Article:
195: manpage.
  196: 
  197: Each of the two files contains several lines that describe access restrictions
  198: for a certain server. Access is allowed if permission is given in
  199: `/etc/hosts.allow`. If the service is not listened in `/etc/hosts.allow` but in
  200: `/etc/hosts.deny`, it is denied. If a service is listed in neither file, it is
  201: allowed, giving standard
  202: [[!template id=man name="inetd" section="8"]]
  203: behaviour.
  204: 
  205: Each line in `/etc/hosts.allow` and `/etc/hosts.deny` contains a service either
  206: by name (as given in the field for argv[0] in `/etc/inetd.conf`, e.g. `ftpd`
  207: instead of `ftp`), or the special service `ALL` which obviously applies to all
  208: services. Following the service name is - separated by a colon - a number of
  209: access restrictions, which can be hostnames, domains, single IP addresses, whole
  210: IP subnets or some other restrictions, please check
  211: [[!template id=man name="hosts\_access" section="5"]]
  212: for all the details.
  213: 
  214: An example configuration that is mostly open but denies access to services to a
  215: certain host and all machines from a certain domain would look like this:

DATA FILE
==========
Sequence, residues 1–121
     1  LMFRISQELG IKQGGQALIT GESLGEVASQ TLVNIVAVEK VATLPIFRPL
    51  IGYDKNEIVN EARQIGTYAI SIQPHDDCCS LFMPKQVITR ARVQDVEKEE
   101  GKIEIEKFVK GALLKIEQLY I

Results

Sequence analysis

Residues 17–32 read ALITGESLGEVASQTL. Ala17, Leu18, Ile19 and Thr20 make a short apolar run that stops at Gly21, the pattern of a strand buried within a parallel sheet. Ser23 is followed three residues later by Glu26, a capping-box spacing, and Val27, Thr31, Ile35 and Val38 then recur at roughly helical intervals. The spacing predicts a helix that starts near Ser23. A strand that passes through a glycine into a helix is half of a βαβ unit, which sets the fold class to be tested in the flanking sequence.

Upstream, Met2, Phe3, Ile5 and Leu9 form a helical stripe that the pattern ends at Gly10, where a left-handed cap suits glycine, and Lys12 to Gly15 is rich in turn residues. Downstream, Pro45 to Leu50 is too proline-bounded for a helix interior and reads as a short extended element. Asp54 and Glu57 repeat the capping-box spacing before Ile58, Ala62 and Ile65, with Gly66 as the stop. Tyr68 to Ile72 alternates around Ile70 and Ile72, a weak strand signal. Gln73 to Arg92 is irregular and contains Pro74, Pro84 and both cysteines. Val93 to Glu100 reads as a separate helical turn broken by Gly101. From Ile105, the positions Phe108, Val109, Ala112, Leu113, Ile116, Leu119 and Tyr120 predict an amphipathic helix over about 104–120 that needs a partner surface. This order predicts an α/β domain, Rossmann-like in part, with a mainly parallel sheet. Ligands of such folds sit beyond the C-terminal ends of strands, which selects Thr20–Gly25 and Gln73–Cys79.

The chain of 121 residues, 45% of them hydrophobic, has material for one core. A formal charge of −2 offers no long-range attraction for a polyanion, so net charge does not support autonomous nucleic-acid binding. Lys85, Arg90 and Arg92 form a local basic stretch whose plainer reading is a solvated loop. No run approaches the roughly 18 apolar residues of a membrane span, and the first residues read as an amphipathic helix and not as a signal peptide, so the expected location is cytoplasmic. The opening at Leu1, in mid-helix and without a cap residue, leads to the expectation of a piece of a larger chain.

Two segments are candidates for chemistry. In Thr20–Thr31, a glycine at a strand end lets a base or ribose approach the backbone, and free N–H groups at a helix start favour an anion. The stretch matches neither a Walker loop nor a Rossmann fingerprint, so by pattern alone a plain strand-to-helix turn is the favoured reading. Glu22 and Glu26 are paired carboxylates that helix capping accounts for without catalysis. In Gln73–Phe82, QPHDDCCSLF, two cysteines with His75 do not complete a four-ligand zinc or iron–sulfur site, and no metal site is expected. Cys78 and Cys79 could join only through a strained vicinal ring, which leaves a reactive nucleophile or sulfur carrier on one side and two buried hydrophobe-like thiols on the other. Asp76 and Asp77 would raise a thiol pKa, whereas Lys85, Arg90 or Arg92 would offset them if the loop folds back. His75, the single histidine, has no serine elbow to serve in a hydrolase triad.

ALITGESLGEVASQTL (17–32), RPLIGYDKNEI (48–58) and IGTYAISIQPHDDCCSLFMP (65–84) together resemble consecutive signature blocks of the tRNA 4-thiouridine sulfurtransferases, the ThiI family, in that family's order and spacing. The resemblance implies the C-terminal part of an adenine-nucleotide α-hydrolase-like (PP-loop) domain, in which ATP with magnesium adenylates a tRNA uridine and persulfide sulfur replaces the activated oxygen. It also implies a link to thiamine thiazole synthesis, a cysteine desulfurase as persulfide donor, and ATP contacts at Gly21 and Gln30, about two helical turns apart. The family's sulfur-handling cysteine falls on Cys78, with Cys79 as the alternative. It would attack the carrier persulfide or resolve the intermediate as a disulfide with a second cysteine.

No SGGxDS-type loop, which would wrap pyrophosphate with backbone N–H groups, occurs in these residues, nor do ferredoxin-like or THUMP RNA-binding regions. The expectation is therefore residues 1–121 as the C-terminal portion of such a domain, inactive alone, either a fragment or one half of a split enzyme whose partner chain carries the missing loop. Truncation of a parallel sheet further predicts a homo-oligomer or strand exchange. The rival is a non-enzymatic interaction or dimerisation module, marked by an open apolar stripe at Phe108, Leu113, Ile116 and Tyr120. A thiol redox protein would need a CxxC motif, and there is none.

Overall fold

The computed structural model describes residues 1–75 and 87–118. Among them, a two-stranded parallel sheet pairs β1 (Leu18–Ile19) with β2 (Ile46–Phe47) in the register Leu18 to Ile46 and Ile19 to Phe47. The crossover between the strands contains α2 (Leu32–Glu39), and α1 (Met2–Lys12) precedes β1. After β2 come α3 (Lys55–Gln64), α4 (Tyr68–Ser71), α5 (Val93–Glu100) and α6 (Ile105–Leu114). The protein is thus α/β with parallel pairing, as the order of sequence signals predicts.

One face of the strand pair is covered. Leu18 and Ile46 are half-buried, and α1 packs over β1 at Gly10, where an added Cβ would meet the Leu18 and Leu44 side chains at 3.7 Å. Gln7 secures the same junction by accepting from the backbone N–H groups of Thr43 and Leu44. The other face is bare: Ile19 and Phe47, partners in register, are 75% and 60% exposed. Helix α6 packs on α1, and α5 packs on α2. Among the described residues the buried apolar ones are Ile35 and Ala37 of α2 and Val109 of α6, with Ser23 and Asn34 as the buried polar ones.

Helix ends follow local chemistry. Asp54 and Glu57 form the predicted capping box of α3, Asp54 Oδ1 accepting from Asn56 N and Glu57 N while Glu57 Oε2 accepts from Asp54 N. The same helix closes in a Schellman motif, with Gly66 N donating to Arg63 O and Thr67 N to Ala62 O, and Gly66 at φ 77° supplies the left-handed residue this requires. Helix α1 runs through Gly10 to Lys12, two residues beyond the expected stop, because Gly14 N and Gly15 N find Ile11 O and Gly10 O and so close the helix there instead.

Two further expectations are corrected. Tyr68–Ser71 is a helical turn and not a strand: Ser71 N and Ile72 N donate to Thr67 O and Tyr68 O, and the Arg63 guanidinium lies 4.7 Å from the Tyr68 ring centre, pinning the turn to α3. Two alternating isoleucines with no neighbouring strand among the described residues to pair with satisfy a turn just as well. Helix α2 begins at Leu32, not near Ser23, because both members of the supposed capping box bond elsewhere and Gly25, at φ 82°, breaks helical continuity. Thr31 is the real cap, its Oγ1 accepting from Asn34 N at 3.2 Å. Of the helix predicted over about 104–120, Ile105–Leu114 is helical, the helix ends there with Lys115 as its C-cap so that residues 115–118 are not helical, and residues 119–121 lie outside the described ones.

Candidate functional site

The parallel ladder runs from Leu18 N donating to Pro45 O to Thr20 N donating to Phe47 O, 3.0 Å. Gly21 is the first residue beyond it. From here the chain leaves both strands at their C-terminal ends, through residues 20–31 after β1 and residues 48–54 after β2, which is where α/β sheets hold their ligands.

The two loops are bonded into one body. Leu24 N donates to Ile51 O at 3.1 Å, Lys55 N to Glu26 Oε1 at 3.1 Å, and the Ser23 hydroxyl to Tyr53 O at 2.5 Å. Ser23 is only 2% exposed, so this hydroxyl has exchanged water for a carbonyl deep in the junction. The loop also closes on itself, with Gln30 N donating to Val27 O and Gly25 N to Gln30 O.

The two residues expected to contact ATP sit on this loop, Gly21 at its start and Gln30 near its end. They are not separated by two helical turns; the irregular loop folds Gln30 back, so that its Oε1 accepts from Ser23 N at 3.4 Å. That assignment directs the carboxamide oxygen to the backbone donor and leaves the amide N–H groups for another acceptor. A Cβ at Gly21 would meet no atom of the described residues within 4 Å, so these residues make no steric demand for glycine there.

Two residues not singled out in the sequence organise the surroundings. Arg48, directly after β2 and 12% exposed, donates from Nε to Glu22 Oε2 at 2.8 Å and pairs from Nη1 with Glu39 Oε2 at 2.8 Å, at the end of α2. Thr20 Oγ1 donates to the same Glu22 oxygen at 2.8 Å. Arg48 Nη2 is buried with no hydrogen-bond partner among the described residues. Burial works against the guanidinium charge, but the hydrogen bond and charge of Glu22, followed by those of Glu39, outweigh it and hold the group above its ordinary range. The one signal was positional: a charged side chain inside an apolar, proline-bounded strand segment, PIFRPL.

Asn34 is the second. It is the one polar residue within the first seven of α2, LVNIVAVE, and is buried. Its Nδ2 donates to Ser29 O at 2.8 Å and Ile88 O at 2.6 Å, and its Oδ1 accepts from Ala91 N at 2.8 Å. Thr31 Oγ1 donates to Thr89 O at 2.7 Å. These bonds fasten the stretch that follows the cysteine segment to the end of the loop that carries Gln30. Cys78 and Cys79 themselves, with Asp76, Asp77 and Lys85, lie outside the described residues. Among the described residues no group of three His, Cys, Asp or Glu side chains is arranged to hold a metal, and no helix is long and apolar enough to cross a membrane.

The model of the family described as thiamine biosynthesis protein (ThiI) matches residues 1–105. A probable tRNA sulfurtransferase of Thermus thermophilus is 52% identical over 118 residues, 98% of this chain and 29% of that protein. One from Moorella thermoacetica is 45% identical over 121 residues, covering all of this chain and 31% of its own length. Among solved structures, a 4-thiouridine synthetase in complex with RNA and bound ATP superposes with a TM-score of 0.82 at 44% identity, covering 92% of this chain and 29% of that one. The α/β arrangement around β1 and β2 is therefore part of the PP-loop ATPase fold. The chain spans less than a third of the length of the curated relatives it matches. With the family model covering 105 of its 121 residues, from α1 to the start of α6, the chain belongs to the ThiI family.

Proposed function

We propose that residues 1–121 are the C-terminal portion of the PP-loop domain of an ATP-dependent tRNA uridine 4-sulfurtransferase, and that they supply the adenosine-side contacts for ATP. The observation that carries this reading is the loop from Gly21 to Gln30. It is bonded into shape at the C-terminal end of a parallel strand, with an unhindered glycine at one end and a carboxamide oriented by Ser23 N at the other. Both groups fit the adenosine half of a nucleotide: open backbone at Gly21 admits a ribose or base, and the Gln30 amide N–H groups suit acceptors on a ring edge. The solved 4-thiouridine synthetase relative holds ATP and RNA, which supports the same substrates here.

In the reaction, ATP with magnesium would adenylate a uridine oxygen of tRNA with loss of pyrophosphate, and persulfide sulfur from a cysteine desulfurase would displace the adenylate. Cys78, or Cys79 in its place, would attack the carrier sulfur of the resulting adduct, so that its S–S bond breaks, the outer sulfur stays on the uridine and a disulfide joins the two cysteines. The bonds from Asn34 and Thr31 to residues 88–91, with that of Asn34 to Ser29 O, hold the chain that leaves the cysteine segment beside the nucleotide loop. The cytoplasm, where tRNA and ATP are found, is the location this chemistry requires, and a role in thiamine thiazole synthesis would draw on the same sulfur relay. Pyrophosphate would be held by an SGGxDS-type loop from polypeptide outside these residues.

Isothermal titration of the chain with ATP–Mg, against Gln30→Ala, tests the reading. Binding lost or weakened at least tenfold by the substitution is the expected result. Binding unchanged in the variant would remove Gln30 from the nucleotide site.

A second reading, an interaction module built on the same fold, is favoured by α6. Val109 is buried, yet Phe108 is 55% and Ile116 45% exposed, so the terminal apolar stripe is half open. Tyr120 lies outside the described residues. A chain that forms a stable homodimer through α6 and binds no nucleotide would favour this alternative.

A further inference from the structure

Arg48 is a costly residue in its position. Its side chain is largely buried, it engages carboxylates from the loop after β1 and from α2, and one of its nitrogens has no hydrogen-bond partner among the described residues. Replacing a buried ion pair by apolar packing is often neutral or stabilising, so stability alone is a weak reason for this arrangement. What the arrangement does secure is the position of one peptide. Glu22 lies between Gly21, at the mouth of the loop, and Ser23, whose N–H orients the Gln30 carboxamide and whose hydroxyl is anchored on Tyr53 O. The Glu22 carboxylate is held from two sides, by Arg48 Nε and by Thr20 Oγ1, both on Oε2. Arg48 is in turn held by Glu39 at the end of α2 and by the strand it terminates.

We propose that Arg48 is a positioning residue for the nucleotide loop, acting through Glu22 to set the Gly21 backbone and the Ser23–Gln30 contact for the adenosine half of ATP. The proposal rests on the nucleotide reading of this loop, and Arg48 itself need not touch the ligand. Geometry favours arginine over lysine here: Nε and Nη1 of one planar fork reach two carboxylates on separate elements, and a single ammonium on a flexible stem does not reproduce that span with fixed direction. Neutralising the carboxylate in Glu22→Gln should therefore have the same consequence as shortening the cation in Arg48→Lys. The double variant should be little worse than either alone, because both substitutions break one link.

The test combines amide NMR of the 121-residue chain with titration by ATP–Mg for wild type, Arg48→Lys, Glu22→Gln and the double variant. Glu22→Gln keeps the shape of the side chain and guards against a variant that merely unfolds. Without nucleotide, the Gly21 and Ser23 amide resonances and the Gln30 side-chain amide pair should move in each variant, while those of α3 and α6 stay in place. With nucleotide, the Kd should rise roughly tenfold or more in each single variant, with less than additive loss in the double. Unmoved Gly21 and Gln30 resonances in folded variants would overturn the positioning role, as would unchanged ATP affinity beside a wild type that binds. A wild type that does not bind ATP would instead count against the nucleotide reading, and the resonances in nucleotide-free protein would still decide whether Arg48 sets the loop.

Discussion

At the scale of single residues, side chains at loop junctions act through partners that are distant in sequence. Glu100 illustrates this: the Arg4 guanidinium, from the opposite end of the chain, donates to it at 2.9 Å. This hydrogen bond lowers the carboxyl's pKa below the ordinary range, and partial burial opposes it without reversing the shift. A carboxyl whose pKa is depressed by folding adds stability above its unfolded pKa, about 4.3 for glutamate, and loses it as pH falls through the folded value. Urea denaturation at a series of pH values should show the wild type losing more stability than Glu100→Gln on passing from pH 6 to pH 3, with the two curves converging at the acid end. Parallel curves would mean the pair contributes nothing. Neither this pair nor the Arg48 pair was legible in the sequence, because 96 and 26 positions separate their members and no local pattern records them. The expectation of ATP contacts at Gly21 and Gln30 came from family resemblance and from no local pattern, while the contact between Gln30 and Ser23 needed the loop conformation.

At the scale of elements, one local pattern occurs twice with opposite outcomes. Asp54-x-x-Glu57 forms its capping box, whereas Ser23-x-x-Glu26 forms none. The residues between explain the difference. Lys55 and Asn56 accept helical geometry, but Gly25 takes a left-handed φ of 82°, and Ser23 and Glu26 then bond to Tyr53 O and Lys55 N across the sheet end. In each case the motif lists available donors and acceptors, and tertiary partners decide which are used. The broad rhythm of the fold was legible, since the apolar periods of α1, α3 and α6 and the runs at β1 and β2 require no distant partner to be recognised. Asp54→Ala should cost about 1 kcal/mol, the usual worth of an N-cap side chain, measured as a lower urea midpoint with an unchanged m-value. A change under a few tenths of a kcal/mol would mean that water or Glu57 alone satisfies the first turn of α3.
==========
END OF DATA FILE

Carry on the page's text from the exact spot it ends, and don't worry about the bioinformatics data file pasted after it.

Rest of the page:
216: 
  217:     # /etc/hostname.deny:
  218:     ALL: some.host.name, .some.domain
  219: 
  220: Another example that would be mostly closed, denying access to all but very few
  221: machines would need entries in both `/etc/hosts.allow` and `/etc/hosts.deny`.
  222: The entry for `/etc/hosts.deny` would be:
  223: 
  224:     # /etc/hosts.deny
  225:     ALL: ALL
  226: 
  227: The entry to allow a few hosts would be put into `/etc/hosts.allow`:
  228: 
  229:     # /etc/hosts.allow
  230:     ALL: friend.host.domain otherfriend.otherhost.otherdomain
  231: 
  232: ## Adding a Service
  233: 
  234: Many times a systems administrator will find that they need to add a service to
  235: their system that is not already in
  236: [[!template id=man name="inetd" section="8"]] or
  237: they may wish to move a service to it because it does not get very much traffic.
  238: This is usually pretty simple, so as an example we will look at adding a version
  239: of POP3 on a NetBSD system.
  240: 
  241: In this case we have retrieved and installed the `cucipop` package, which can be
  242: found in `pkgsrc/mail/cucipop`. This server is pretty simple to use, the only
  243: oddities are different path locations. Since it is POP3 we know it is a stream